Sumeru Parvat Complex
To Sumeru Parvat
Top view from Sumeru Parvat
Sumeru Parvat distant view

The main attraction of Hastinapur is ‘Jambu Dweep’ with ‘Sumeru Parvat’, ‘Teen lok rachna’, ‘Meditation Temple’ and ‘Kamal Temple’ in its premises. According to Jain and Vedic scriptures the Sumeru Parvat (101 ft. high) is considered as the most scared and the highest mountain in the whole universe.



Inside Meditation Temple

Terahdweep Jinalaya is the prominent centre of attraction of Jambudweep. It represents the whole universe with 13 dweeps of Madhyalok (Middle Universe), 458 golden natural temples, 5 golden merus, 170 Samavsarans, various dev-bhavans, ocean, rivers, mountains, bhogbhumis etc. Due to reflection it was very difficult to click the image of this beautiful structure which is first of its kind in the world.


“Teen lok rachna” is another marvelous structure of Jambudweep campus. It consists Adholok (7 hells), Madhya lok (with island and oceans) and Urdhvalok (16 heavens). This lift-fitted building charges 10 Rs to its visitors.


Inside Teen Lok Rachna

Besides this I have also seen few other huge temples in the surrounding area but since I covered Jambudweep first and I was getting late for Mahabharata sites so I decide to call off till my next visit.

Jain Temple in Hastinapur
Another temple that I couldn’t visit
Hastinapur Wild Life Santuary at the one side of the Jambudweep

Tip: Jambudweep have excellent residential facilities for pilgrims. Besides there are numbers of Dharamshala in close vicinity. Surrounded by thick forest it is a perfect week-end gateway or can be covered in a day tour if reached early.


  • Shivya says:

    That seems like quite a chunk of history, right around the corner of Delhi. Thanks for the detailed descriptions!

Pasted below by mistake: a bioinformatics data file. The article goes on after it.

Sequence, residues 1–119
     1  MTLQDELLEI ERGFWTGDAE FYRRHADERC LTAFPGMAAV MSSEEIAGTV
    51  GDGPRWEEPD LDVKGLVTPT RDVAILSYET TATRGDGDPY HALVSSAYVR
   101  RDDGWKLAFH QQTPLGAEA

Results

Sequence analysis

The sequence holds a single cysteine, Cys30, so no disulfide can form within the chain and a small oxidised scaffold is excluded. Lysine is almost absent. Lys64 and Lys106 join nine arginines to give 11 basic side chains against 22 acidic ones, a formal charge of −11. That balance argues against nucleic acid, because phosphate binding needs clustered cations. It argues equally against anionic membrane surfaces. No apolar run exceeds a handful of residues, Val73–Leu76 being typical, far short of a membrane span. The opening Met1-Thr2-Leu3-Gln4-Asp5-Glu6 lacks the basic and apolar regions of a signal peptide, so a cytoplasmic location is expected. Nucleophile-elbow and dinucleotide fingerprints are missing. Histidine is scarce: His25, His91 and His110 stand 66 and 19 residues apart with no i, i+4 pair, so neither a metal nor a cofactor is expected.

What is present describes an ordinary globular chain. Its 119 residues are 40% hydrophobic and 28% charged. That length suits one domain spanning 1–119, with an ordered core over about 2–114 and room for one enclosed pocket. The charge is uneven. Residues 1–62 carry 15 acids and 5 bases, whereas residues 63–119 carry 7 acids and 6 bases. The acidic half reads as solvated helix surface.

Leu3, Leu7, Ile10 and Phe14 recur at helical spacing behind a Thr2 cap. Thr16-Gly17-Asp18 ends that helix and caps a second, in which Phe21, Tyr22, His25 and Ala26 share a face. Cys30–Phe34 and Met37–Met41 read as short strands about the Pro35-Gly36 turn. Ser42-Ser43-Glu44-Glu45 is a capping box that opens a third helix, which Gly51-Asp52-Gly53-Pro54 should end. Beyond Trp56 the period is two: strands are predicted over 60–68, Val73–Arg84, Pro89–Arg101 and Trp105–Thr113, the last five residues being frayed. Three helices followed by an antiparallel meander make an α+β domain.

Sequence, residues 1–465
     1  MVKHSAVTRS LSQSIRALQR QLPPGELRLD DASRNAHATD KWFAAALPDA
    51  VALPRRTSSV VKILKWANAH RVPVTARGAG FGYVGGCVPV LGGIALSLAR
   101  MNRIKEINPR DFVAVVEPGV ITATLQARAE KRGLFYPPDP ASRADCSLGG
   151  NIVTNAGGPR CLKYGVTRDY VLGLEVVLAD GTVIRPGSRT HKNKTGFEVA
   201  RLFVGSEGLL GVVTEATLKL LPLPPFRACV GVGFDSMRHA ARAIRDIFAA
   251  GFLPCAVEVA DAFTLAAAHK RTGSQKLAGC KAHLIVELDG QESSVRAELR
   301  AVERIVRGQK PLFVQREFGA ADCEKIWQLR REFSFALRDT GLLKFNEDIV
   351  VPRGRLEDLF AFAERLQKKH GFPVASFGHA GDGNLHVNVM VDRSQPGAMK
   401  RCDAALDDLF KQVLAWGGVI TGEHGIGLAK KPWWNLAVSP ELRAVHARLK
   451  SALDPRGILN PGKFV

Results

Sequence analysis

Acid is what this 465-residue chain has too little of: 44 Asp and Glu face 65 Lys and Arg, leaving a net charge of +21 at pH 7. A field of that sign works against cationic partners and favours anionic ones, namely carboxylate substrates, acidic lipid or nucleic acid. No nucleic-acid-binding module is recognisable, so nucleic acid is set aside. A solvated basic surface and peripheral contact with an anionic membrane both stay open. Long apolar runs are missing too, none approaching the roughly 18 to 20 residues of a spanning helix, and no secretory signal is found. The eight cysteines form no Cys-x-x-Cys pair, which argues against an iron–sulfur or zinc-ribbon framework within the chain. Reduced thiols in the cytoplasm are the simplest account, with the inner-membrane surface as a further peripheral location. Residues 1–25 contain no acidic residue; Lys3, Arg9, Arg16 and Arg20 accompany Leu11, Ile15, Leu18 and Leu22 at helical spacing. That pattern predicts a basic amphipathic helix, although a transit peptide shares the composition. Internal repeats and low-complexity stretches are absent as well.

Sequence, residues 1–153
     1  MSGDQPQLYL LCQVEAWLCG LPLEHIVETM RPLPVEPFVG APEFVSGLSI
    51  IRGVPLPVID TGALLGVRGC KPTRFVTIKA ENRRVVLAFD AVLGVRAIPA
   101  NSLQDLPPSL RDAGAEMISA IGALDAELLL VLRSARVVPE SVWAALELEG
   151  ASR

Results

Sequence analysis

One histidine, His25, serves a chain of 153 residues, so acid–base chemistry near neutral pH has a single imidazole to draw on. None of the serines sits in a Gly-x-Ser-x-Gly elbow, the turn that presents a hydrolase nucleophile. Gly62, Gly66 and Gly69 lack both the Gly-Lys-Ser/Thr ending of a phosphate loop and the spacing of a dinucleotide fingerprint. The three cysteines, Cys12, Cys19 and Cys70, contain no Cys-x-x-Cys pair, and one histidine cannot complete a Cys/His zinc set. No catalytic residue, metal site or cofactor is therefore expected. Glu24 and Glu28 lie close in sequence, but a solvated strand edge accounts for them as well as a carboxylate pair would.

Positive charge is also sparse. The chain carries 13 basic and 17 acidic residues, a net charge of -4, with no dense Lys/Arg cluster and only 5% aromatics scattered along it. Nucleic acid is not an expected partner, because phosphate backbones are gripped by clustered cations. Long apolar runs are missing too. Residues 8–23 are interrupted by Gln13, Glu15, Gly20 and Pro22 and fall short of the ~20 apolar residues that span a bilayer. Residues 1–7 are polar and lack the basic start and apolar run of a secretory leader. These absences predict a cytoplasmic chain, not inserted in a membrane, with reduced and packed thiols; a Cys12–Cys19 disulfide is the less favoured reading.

• Good work Amit …………………….

    Once again superb narration of Hastinapur ………………………….

    And You seem to have gone too much inside excavation of Old remains. Please share more if you have . It really feels great finding things dated 5000 years back……………………

    About jain temple :- Its classic example of modern architecture…………………..

    Nowadays I feel lot of big temples like these are been made. Sometimes i feel how much money is been poured for making these types of materialistic heavens……………….

    Not to offend anybody’s sentiments, but that can be utilised for lot of poor and needy people…………

    Anyway keep travelling and keep posting and pics are really fine ………………………

    • Amit Kumar says:

      Hi Vishal,

      It was indeed a great feeling being there. As you asked last time I kept in my mind to put more images as well information about it.

      You are somehow write about these man made heaven, although few of them also made charitable trusts and involved in running school, colleges, hospitals etc with their earning. But still a major amount goes to their personal wealth.

  • Nandan says:

    Great info. I am sure that a lot of work and research would have been done to find out the connection between the Mahrabharatha epic and sites like Hastinapur, Kurukshetra. Thanks for the links.

    The Jambudweep Temple complex and other temples seems like well maintained, well funded. Are these part of some trust ?

    • Amit Kumar says:

      Hi Nandan,

      Thanks for your words.

      The Jambudweep Temple complex is part of “Digambar Jain Trilok Shodh Sansthan” and it was established by “Gyanmati Mataji” in the year 1972. The land where Jambudweep is situated was bought in 1974 and construction was started in 1975. Since then step-by-step construction has been done in the complex and few works were still carried out in the complex.

      I got a CD describing the concept of universe from there, if you want to know more, I can upload it on ‘youtube’ and will share the link with you.

  • Manish Kumar says:

    It seems lot of thought has been given in designing these architectural marvels. The Jain connection of Hastinapur was not known to me. Thx for sharing these pics.

  • Stone says:

    Brilliant piece of writing buddy, just right mix of ‘travel-information-photographs’.

    Thanks a lot for sharing so much information, specially about ‘City of Wisdom’ in Argentina.

    • Amit Kumar says:

      Thanks a lot for your kind words.

      I too was surprised when came across this piece of information and it compelled me to think that the importance of our mythology is realizing by others but are we too insensitive to think that?